A stain is the evidence of something that was. It's a trace. A stain may be something quite ordinary: the ink stain on my index finger; the mark of your fingers on this book. A stain may also be embarrassing: lipstick on a cheek; sweat rings under the arms; a bloody discharge. A stain may be forensically incriminating. A stain may be kept for sentimental reasons. Moreover, every stain has its own particular texture. Texture denotes the consistency of a surface and the sensory, often tactile imprint that is left on it. The stain may be absorbed in the thing that supports it; then again, it may stay on the surface, something separate. Every stain is unique. In this essay the author deals with seven factors that make the stain into a powerful model for rethinking the visual: the stain as prototype and prefiguration, the stain as relic, the stain of Veronica, the stain as a psycho-energetic symptom, the stain as pars pro toto for the womb, the stain and le desir mimetique and finally the stain as an image paradigm of the residue.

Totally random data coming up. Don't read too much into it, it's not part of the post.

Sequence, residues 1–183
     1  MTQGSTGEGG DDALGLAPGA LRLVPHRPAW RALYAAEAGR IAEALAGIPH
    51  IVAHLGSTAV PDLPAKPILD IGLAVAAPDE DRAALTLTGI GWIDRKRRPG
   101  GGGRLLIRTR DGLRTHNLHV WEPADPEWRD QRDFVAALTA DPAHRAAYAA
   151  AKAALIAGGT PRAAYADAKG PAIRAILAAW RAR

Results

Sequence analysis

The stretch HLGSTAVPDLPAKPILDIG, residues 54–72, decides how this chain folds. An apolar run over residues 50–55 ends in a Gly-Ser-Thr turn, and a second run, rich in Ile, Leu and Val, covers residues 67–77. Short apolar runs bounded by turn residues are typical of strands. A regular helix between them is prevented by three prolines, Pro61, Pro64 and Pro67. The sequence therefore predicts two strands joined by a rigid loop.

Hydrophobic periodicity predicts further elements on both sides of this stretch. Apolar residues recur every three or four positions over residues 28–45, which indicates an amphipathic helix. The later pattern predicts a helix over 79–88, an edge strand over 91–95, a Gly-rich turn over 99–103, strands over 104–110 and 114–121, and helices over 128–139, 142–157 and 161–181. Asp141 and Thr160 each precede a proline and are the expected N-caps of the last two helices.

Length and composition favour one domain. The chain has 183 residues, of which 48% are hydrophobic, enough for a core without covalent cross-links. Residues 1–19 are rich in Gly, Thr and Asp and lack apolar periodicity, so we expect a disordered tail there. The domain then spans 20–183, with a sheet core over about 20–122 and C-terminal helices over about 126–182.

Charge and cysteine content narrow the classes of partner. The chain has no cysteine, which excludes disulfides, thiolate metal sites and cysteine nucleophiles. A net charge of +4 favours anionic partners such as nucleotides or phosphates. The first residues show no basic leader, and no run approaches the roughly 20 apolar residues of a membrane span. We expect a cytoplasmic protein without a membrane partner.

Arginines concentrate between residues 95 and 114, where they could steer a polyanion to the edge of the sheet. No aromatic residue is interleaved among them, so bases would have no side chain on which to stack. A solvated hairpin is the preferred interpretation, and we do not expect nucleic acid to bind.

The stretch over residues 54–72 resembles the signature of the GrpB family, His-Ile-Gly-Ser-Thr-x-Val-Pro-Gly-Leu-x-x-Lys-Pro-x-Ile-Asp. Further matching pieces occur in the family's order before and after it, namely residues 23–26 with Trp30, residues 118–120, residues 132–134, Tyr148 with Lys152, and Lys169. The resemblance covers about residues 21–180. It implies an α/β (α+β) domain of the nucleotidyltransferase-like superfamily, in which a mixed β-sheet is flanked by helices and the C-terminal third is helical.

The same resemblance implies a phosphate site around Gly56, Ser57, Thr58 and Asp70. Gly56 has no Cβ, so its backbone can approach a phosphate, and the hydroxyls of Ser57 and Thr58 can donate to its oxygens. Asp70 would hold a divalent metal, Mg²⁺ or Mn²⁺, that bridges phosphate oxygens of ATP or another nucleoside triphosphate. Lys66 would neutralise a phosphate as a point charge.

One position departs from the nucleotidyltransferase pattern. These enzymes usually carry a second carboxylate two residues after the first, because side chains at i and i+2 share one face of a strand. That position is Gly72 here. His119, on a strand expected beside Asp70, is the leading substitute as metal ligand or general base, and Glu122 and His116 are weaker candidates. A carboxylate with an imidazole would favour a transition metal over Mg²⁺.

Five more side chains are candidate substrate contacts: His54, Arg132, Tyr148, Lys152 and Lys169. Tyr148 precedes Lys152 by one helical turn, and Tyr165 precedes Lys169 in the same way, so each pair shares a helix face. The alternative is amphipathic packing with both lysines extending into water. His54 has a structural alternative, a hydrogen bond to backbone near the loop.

About the Author
Barbara Baert is Professor in Art History at the University of Leuven. She has been awarded the Francqui Prize 2016 for her outstanding work in Iconology.
Table of Contents
1 Preface 1
2 Prototype and prefiguration 5
3 Relic 17
4 Veronica's, stain 31
5 Anthropological roots. Stain, hem, womb 39
6 Stainology. The psycho-energetic symptom 53
7 Bilderatlas 59
8 Le désir mimétique (Echo calling again) 93
9 Postscriptum 103
Index nominum 115